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Scripps Blood & Marrow Transplant Program Celebrates 30th Anniversary of Providing Life-Saving Care

The outlook for patients with leukemia and other life-threatening blood cancers has improved dramatically since Scripps Health founded San Diego County’s first blood and marrow transplantation (BMT) program, which celebrates its 30th anniversary in 2010.

San Diego, CA (Vocus) May 18, 2010 -- The outlook for patients with leukemia and other life-threatening blood cancers has improved dramatically since Scripps Health founded San Diego County’s first blood and marrow transplantation (BMT) program, which celebrates its 30th anniversary in 2010.

Dr. James Mason, the medical director of Scripps’ BMT program at Scripps Green Hospital, says the survival rate of Scripps’ BMT patients has more than doubled since 1980, and the number of transplants performed annually by Scripps has increased tenfold.

“The field has gone from being viewed as something of a last resort in its early days to now being a viable option where likelihood of recovery is often strong,” Dr. Mason says. “We’ve become much more adept at matching appropriate donors with patients, developing medications to fight previously lethal infections and creating new techniques to make transplants tolerable for older patients. We’re also seeing many patients return to productive lives in a matter of weeks or months after transplant, instead of years or not at all.”

Russ Zinser of Encinitas is a case in point. Diagnosed with chronic leukemia in 1984, Zinser is now healthy, active and completely free of the disease. Zinser found a blood marrow donor among his 12 siblings and underwent a successful transplant at Scripps Green in June of 1986. He was back at work by Halloween of the same year and has been cancer-free ever since. “The experience made me realize how fragile life is and that there are lots of things I want to do,” says the retired engineer, who today keeps busy as a musician, woodcarver, author, mentor and golfer, among other activities.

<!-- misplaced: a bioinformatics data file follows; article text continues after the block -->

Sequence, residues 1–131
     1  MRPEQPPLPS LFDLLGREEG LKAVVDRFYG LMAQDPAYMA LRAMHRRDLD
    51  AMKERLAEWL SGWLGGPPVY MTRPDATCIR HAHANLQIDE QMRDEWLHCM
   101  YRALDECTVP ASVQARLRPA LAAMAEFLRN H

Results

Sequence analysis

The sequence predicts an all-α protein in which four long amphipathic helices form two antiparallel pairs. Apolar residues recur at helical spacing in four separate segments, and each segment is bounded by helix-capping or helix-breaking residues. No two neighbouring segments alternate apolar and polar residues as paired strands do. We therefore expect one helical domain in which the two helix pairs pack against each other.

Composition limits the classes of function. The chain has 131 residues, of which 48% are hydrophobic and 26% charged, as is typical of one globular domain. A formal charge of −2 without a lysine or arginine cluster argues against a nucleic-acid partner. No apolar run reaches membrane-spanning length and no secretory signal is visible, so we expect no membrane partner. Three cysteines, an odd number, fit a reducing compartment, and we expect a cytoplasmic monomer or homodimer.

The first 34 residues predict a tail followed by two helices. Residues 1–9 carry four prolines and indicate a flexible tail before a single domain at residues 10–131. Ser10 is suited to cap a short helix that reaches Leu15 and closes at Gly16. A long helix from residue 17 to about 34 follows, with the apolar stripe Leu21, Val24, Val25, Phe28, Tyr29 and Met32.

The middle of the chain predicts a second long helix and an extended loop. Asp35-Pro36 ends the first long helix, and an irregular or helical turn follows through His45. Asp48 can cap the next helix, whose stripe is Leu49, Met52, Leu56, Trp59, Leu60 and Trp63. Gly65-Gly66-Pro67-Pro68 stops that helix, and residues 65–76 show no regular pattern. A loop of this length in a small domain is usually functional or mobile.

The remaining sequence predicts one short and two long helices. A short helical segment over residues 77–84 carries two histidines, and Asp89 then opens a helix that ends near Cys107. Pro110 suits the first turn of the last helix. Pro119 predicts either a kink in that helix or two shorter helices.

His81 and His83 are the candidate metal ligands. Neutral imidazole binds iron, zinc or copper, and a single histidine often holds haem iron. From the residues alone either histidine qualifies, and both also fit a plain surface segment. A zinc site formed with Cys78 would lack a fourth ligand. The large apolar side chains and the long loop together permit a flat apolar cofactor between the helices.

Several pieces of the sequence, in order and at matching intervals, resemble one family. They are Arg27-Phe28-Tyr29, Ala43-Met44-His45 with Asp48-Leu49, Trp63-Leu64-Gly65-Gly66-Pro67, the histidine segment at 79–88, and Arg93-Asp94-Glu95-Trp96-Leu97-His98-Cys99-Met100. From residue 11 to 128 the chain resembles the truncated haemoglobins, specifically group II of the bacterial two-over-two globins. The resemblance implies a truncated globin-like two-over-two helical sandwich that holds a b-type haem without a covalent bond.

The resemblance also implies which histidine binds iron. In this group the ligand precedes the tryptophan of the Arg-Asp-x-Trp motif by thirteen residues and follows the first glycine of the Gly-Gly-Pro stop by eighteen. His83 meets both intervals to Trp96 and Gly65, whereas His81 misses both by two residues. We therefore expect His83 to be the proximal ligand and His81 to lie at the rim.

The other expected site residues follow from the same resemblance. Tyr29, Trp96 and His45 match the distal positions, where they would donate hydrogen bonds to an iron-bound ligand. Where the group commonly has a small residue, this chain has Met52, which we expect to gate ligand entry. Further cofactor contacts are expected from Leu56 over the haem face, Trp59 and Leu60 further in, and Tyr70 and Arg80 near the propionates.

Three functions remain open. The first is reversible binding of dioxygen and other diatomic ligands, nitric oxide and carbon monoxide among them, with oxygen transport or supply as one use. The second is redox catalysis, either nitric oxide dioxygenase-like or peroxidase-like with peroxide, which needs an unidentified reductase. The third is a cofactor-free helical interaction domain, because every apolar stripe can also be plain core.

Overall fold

Still, blood and marrow transplants do not always lead to a cure, and the most common forms of blood disease – leukemia, lymphoma and myeloma – continue to pose major public health concerns. These three diseases collectively caused approximately 53,000 deaths in the United States last year and accounted for nearly 10 percent of all cancer-related deaths in the country.

Despite persistent challenges in the quest to eradicate blood cancers, a number of significant advances been achieved in the past 30 years to help doctors improve clinical outcomes for patients. These include:

Improved Means of Locating Donors. Thirty years ago, those needing a bone marrow transplant usually had to rely on a sibling to be their donor – a difficult proposition, since about 70 percent of patients don’t have a matching donor in their family. But today, the prospect of finding a donor has evolved from a hope to an expectation, thanks to the creation of the National Marrow Donor Program (NMDP), a computer database of more than 8 million volunteer donors worldwide. Scripps’ BMT program is the NMDP’s only collection center in San Diego and Imperial counties, and also serves much of Orange and Riverside counties. Scripps collects stem cell products from donors every week and either uses them for patients in San Diego, or ships them off to NMDP network hospitals around the world for their patients. Likewise, Scripps taps into the NMDP’s extensive database to find bone marrow donors for its patients in San Diego.